New year, same old format for news bites. This is #28 – the McKinnie Edition. I always thought Alfonzo looked a bit like that cop in The Deuce. Okay – it’s clear that some of these numbers are going to be hard to work with, but I’ll keep it going for a little while longer (the 30s are where you find a lot of the great players).
In what seems like pretty big news, Veeam has been acquired by Insight Partners. You can read the press release here, and Anton Gostev shares his views on it here.
This one looks like a bit of a science project, but I find myself oddly intrigued by it. You can read the official announcement here. Pre-orders are open now, and I’ll report back some time in March or April when / if the box turns up.
I loved this article from Chin-Fah on ransomware and NAS environments. I’m looking forward to catching up with Chin-Fah next week (along with all of the other delegates) at Storage Field Day 19. Tune in here if you want to see us on camera.
Speaking of ransomware, this article from Joey D’Antoni provided some great insights into the problem and what we can do about it.
A lot of my friends overseas are asking about the bush fires in Australia. There’s a lot in the media about it, and this article about the impact on infrastructure from Preston made for some thought-provoking reading.
I still use Plex heavily, and spend a lot of time moving things from optical discs to my NAS. This article covers a lot of the process I use too. I’ve started using tinyMediaManager as well – it’s pretty neat.
All the kids (and vendor executives) are talking about Kubernetes. It’s almost like we’re talking about public cloud or big data. Inspired in part by what he saw at Cloud Field Day 6, Keith weighs in on the subject here and I recommend you take the time to read (and understand) what he’s saying.
I enjoy reading Justin’s disclosure posts, even when he throws shade on my state (“Queensland is Australia’s Florida”). Not that he’s wrong, mind you.
Welcome to my semi-regular, random news post in a short format. This is #27. You’d think it would be hard to keep naming them after basketball players, and it is. None of my favourite players ever wore 27, but Marvin Barnes did surface as a really interesting story, particularly when it comes to effective communication with colleagues. Happy holidays too, as I’m pretty sure this will be the last one of these posts I do this year. I’ll try and keep it short, as you’ve probably got stuff to do.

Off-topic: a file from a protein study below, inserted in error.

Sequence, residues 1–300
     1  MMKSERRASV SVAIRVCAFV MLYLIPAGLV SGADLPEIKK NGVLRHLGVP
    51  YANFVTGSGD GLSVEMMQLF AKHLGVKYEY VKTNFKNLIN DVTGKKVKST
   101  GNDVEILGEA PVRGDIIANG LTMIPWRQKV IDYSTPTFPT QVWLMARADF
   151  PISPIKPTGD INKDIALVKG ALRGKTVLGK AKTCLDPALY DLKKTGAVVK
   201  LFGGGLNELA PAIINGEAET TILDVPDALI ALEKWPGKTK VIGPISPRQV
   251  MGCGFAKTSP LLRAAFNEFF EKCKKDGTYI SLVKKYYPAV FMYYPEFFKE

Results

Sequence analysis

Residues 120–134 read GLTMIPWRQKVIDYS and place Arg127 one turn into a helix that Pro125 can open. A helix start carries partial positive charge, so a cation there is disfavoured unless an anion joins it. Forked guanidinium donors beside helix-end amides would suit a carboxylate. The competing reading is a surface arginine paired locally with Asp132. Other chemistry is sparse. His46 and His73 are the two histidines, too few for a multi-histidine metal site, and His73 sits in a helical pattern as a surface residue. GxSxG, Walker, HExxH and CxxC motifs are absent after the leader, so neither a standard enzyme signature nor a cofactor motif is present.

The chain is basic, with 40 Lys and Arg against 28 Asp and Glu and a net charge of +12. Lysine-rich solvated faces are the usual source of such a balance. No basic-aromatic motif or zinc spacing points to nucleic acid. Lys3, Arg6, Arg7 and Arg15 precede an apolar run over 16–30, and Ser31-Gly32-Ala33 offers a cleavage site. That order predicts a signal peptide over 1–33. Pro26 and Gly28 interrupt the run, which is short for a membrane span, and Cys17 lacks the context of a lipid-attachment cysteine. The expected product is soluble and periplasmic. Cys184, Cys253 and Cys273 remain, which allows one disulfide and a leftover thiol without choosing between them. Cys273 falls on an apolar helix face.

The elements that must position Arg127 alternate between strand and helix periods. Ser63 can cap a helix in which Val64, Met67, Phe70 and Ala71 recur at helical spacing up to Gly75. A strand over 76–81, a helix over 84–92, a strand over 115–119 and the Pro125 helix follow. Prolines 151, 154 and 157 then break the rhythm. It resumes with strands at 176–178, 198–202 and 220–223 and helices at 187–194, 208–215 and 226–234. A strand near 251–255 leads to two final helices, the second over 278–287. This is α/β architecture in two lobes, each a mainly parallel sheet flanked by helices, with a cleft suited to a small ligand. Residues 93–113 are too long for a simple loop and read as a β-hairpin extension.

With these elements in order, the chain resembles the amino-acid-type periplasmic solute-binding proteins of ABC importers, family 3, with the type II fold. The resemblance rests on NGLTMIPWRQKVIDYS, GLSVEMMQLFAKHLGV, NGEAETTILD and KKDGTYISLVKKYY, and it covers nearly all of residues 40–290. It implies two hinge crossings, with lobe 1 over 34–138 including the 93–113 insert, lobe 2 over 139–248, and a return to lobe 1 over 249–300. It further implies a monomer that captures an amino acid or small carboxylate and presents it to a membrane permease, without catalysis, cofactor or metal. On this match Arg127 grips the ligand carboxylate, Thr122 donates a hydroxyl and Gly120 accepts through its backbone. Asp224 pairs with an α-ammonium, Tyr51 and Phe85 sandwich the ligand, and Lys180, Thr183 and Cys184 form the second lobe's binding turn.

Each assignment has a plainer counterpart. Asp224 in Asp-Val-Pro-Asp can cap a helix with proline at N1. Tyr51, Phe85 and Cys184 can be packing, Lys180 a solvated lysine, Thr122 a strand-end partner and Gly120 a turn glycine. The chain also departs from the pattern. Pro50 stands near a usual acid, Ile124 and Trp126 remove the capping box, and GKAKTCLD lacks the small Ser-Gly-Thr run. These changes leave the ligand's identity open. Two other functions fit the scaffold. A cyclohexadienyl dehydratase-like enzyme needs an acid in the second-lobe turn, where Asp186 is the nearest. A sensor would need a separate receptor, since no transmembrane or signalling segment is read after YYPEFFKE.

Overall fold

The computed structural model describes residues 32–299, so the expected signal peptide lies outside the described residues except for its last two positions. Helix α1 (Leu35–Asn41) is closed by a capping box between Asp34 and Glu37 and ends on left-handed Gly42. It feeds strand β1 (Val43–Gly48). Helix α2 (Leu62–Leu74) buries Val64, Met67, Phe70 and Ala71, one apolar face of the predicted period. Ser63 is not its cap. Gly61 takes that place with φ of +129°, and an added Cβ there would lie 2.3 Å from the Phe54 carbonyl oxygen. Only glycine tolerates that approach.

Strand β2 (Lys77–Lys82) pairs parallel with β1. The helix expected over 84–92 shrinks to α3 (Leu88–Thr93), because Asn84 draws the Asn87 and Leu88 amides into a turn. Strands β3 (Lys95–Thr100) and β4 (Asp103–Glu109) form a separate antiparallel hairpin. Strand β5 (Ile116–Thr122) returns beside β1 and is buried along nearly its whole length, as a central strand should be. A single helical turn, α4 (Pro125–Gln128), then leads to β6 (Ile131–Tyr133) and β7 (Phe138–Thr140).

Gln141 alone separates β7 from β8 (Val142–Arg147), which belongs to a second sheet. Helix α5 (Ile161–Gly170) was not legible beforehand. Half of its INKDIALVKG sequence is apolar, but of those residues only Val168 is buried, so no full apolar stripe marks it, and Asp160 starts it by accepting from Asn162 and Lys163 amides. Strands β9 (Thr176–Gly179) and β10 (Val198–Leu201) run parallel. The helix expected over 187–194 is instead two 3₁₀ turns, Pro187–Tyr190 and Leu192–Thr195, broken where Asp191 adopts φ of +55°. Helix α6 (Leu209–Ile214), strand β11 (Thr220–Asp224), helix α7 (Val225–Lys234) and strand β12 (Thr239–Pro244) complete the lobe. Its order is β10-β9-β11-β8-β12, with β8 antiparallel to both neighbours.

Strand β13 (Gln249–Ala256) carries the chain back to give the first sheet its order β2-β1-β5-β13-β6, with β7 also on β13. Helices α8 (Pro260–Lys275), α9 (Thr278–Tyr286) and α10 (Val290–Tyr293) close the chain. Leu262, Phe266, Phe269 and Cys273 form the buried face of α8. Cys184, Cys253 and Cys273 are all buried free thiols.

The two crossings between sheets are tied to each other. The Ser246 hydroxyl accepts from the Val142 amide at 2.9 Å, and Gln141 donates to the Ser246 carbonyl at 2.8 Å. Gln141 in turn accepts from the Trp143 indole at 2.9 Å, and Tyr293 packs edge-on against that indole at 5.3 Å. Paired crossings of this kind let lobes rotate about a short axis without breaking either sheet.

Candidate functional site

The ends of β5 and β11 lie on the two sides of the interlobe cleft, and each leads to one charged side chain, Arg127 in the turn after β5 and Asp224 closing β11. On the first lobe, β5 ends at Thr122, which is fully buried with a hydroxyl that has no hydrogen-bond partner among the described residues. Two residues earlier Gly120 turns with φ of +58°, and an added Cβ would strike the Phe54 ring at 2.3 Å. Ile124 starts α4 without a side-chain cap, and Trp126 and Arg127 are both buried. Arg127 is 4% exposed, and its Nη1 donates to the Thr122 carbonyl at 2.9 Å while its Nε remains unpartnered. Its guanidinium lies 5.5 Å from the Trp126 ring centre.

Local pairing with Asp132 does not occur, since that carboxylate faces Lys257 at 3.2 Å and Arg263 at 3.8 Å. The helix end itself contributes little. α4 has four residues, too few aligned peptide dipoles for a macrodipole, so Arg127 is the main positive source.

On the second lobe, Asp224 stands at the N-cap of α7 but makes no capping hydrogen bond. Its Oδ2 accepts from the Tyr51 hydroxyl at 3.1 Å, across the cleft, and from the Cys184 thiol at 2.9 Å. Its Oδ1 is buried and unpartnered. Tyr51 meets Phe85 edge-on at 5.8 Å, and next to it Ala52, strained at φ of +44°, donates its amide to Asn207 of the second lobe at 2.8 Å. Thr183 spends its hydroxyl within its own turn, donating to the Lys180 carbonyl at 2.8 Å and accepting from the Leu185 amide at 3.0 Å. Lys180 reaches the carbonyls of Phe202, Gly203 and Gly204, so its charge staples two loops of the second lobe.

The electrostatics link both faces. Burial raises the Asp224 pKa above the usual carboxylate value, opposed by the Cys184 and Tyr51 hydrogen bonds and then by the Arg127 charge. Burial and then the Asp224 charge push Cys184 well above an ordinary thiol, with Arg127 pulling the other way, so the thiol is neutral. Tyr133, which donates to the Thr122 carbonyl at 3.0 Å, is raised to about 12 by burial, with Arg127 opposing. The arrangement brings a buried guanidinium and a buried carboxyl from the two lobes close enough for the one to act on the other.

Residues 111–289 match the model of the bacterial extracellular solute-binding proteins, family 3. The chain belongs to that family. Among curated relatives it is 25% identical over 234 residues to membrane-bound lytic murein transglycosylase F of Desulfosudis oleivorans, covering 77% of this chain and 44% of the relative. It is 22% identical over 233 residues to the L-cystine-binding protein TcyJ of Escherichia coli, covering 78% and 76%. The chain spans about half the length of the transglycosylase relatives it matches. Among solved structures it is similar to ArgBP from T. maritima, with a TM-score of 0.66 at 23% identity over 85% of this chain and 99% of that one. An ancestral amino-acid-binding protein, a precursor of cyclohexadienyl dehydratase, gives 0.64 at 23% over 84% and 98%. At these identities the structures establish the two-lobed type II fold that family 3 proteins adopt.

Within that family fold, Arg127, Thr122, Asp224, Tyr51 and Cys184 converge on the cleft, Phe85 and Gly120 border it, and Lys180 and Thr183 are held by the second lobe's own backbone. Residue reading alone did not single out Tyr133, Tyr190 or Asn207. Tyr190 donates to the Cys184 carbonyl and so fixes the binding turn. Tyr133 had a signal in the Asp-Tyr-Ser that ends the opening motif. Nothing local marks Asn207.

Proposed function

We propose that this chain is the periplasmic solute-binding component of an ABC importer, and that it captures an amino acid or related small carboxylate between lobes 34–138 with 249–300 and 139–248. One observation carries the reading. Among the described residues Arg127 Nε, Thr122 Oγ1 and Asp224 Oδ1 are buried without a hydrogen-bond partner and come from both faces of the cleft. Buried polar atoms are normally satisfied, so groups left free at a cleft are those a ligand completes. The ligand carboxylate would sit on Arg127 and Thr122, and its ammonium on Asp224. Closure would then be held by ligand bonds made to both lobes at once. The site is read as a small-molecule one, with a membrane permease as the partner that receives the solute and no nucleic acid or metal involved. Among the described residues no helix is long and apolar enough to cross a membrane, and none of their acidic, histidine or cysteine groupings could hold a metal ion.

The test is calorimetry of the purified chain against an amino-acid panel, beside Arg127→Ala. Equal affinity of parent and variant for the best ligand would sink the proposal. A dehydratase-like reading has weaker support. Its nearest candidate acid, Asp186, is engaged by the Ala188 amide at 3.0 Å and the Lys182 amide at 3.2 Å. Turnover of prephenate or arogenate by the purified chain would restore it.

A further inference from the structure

This story of serious failure on El Reg had me in stitches.
I really enjoyed this article by Raj Dutt (over at Cohesity’s blog) on recovery predictability. As an industry we talk an awful lot about speeds and feeds and supportability, but sometimes I think we forget about keeping it simple and making sure we can get our stuff back as we expect.
Speaking of data protection, I wrote some articles for Druva about, well, data protection and things of that nature. You can read them here.
There have been some pretty important CBT-related patches released by VMware recently. Anthony has provided a handy summary here.
Everything’s an opinion until people actually do it, but I thought this research on cloud adoption from Leaseweb USA was interesting. I didn’t expect to see everyone putting their hands up and saying they’re all in on public cloud, but I was also hopeful that we, as an industry, hadn’t made things as unclear as they seem to be. Yay, hybrid!
Backblaze has done a nice job of talking about data protection and cloud storage through the lens of Star Wars.
This tip on removing particular formatting in Microsoft Word documents really helped me out recently. Yes I know Word is awful.
Someone was nice enough to give me an acknowledgement for helping review a non-fiction book once. Now I’ve managed to get a character named after me in one of John Birmingham’s epics. You can read it out of context here. And if you’re into supporting good authors on Patreon – then check out JB’s page here. He’s a good egg, and his literary contributions to the world have been fantastic over the years. I don’t say this just because we live in the same city either.
Want some news? In a shorter format? And a little bit random? Here’s a short take you might be able to get behind. Welcome to #25. This one seems to be dominated by things related to Veeam.
Adam recently posted a great article on protecting VMConAWS workloads using Veeam. You can read it about it here.
Speaking of Veeam, Hal has released v2 of MS Office 365 Backup Analysis Tool. You can use it to work out how much capacity you’ll need to protect your O365 workloads. And you can figure out what your licensing costs will be, as well as a bunch of other cool stuff.
And in more Veeam news, the VeeamON Virtual event is coming up soon. It will be run across multiple timezones and should be really interesting. You can find out more about that here.